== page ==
Doctors may treat babies with this disease with acyclovir for several weeks.
Depending on the severity of your infection, you may need to be treated in the hospital.
What are the complications of herpes meningoencephalitis?
With treatment, most people with this disease start to improve within a day or two and tend to recover fully within about a month. But without treatment, very serious complications can set in, including death.
Even with treatment, some people with severe cases may have long-term brain damage. They may have trouble thinking, controlling their body, and hearing, seeing, or speaking. They may need to take medicines for a long time, and they may require long-term care.
Can herpes meningoencephalitis be prevented?
Avoiding herpes virus infections in the first place can help you prevent herpes meningoencephalitis. Ways to avoid infections from herpes viruses include:
Abstain from sex or have only one sex partner who has been tested for the virus and isn't infected.
Use a latex condom, which can reduce — but not entirely prevent — the risk of infection.
Avoid kissing people with cold sore blisters. It's important to keep in mind that most people have already been infected with HSV1 virus by the time they're 20 years old. If you've already been infected, the virus goes dormant inside your body except during outbreaks.
Some pregnant women who have had genital herpes outbreaks may want to have their babies delivered by cesarean section. This may prevent meningoencephalitis in newborns.
When should I call my health care provider?
Treating herpes meningoencephalitis as soon as possible is essential. If you’re feeling neck stiffness, having any neurological problems (including seizures, changes in consciousness, or feeling sleepy), are sensitive to light, or are running a fever along with a bad headache, call your doctor and have the problem treated promptly.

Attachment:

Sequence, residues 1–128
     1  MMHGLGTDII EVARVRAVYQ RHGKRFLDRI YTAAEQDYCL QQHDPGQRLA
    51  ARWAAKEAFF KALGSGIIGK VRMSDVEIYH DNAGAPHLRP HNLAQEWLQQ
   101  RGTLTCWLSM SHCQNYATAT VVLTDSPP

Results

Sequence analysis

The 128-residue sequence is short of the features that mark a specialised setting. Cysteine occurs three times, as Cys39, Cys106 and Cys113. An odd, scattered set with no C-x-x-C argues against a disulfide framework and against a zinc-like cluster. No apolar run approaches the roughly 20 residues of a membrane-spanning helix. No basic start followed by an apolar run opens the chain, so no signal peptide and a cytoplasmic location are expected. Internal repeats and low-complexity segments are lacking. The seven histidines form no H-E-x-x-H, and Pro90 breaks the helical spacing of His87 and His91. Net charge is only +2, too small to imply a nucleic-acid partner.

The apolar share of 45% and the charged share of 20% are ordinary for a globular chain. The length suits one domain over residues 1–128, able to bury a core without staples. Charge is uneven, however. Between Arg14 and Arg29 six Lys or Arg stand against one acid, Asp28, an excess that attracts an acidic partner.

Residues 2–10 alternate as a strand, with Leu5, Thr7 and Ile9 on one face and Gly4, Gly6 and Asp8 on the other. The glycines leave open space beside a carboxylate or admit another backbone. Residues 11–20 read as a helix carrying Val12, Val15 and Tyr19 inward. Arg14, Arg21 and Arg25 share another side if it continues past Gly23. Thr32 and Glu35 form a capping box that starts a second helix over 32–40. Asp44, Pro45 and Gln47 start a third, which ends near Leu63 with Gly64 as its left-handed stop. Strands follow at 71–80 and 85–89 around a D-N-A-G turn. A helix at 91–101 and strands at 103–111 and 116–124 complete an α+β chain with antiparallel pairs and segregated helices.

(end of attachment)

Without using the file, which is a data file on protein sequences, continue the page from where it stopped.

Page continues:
If you have already been diagnosed with herpes meningoencephalitis and are being treated, it's very important to let your doctor or nurse know if any of your symptoms get worse or if you develop any new symptoms, as these could be signs that the infection is getting worse despite treatment.
Herpes meningoencephalitis is an infection of the brain and brain covering (meninges) caused by the herpes simplex virus. It is a medical emergency that requires treatment right away.
Symptoms can include headache, fever, changes in consciousness, confusion, neck stiffness, sensitivity to light, seizures, and changes in mood, personality, or behavior.
Treatment is with antiviral medicine, sometimes along with other medicines such as steroids and drugs to prevent seizures.
Tips to help you get the most from a visit to your health care provider:
Before your visit, write down questions you want answered.
Bring someone with you to help you ask questions and remember what your provider tells you.
At the visit, write down the names of new medicines, treatments, or tests, and any new instructions your provider gives you.
If you have a follow-up appointment, write down the date, time, and purpose for that visit.
Know how you can contact your provider if you have questions.